As shown in FIGS. 3, 3A, and 3B, the upper 12 and lower 14 sections of the post assembly 10 are joined by two U- or channel-shaped steel plates 30, one on each flange. The lower section 14 of post 10 is rigidly attached to the steel channels 30 by welding or multiple bolts 31 on each flange of the post 10. The upper section 12 of the post 10 is attached to the steel channels 30 with one large-diameter through bolt 32 that serves as a pin about which the upper section 12 of the post 10 can rotate.
The breakaway force threshold is controlled by the length, thickness and yielding strength (material grade) of the steel channels 30. Upon impact in the direction of the weak axis Iw, the upper section 12 of the post will rotate about the pin 32. The rotation will be resisted by the flanges 34A, 34B, 36A and 36B of the steel channels 30 until the force is sufficient to yield these flanges. Thereafter the upper section 12 of the post 10 will be free to rotate downward and away from the impacting vehicle. For impacts in the direction of the strong axis, the large diameter steel pin 32 provides the necessary bending strength to the post. Since the strong and weak axis forces are controlled by entirely different failure mechanisms, this concept allows larger ratios between the two forces than the other concepts.
Yet another embodiment shown in FIGS. 4 and 4A relies on weld failures to control the strength of the post 10 in the two directions. This embodiment (FIG. 4) involves joining the upper 12 and lower sections 14 of the post 10 with steel plates 27 similar to that used in the first embodiment of FIG. 1. The steel plates 27 are rigidly welded at welds 41 to the lower section 14 of the post 10 on each flange of the post 10 (FIG. 4A). The upper section 12 of the post 10 is attached to the steel plates 27 with a single weld 40 near the neutral axis An for bending in the weak direction Iw. The breakaway force threshold is controlled by the length, size, and shape of the weld. Upon impact in the direction of the weak axis, the single weld 40 on each of the two plates 22 is loaded in torsion. When torsional stresses reach the shear strength of the weld material, the weld 40 will fail and allow the upper section 12 of the post 10 to break away from the lower section 14 of the post 10. For impacts in the direction of the strong axis Is, the welds 40 are loaded in direct shear and provide much greater strength. For circular plug welds, the failure forces and their ratio become, ##EQU5## where, r=radius of plug weld.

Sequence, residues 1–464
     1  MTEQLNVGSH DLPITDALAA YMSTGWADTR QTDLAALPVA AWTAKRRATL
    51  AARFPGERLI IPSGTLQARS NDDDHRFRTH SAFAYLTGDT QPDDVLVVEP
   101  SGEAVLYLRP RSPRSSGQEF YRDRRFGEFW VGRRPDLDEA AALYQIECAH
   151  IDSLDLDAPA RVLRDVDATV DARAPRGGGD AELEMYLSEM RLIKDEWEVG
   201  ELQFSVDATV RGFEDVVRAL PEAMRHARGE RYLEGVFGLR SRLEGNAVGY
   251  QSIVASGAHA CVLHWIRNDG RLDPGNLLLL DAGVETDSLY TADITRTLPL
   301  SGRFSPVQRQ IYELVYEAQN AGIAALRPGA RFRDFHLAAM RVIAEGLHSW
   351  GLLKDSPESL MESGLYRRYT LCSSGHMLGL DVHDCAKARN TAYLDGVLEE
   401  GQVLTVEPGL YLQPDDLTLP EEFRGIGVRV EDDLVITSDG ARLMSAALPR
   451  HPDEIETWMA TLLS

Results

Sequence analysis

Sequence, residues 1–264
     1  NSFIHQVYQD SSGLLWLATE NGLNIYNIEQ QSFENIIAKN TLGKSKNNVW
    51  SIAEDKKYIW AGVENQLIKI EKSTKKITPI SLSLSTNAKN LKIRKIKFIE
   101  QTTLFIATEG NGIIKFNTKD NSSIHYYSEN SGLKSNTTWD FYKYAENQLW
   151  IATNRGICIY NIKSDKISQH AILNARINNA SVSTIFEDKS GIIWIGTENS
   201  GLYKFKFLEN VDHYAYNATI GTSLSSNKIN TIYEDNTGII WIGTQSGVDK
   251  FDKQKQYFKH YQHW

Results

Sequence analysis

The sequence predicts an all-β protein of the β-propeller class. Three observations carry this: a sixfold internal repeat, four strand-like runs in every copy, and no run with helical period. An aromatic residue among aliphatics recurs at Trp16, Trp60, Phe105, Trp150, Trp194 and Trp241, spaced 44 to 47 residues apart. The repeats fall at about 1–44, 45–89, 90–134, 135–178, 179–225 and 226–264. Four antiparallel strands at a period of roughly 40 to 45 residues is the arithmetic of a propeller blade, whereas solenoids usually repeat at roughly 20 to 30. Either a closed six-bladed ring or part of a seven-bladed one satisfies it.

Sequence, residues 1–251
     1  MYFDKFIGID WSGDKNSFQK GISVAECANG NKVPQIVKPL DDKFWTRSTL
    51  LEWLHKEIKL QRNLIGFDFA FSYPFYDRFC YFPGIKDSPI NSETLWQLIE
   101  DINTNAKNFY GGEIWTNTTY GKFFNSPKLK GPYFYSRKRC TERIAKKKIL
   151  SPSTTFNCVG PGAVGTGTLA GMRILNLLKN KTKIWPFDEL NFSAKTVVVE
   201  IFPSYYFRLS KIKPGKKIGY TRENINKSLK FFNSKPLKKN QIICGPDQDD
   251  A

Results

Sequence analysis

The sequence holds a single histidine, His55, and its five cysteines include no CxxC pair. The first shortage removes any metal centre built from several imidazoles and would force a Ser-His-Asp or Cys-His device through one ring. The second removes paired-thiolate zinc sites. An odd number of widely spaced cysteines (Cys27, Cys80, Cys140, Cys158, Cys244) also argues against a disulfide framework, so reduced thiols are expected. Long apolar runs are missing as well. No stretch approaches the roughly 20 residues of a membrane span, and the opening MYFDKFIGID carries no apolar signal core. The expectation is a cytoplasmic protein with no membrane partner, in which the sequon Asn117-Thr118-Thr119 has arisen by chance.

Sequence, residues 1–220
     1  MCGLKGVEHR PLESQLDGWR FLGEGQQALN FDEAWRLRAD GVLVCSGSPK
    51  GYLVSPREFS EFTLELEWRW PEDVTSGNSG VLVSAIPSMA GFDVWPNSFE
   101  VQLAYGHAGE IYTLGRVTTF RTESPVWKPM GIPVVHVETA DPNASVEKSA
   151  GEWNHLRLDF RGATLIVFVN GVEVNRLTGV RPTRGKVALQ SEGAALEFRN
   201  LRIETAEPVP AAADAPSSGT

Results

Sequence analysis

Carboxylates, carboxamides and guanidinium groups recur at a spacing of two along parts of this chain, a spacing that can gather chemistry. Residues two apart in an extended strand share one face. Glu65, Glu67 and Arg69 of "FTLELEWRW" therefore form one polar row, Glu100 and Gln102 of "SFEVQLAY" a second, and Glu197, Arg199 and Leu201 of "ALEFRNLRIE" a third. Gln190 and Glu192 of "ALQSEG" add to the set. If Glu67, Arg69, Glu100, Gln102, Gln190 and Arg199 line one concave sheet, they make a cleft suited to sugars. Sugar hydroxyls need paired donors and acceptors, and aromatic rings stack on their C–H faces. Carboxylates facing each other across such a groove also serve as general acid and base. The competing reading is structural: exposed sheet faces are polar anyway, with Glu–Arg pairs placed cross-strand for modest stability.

In this case the connection can be completely controlled by selecting the yield strength of the weld material, the size of the post, and the radius of the plug weld. Other weld shapes, including single or multiple line welds, can also provide the necessary post behavior.
Although the invention has been described with reference to a specific embodiment, this description is not meant to be construed in a limiting sense. On the contrary, various modifications of the disclosed embodiments will become apparent to those skilled in the art upon reference to the description of the invention. It is therefore contemplated that the appended claims will cover such modifications, alternatives, and equivalents that fall within the true spirit and scope of the invention.
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|U.S. Classification||256/13.1, 52/98, 256/1, 256/DIG.5, 403/2|
|International Classification||E01F9/018, E01F15/04|
|Cooperative Classification||E01F15/0461, E01F9/635, Y10T403/11, Y10S256/05|
|European Classification||E01F15/04H, E01F9/018C|
|Nov 4, 1998||AS||Assignment|
Owner name: SAFETY BY DESIGN, INC., NEBRASKA
Free format text: ASSIGNMENT OF ASSIGNORS INTEREST;ASSIGNORS:SICKING, DEAN L.;REID, JOHN D.;ROHDE, JOHN R.;REEL/FRAME:009582/0846
Effective date: 19981102
|May 20, 2003||FPAY||Fee payment|
Year of fee payment: 4
|Jun 11, 2003||REMI||Maintenance fee reminder mailed|
|Feb 7, 2007||FPAY||Fee payment|
Year of fee payment: 8
|Nov 23, 2010||FPAY||Fee payment|
Year of fee payment: 12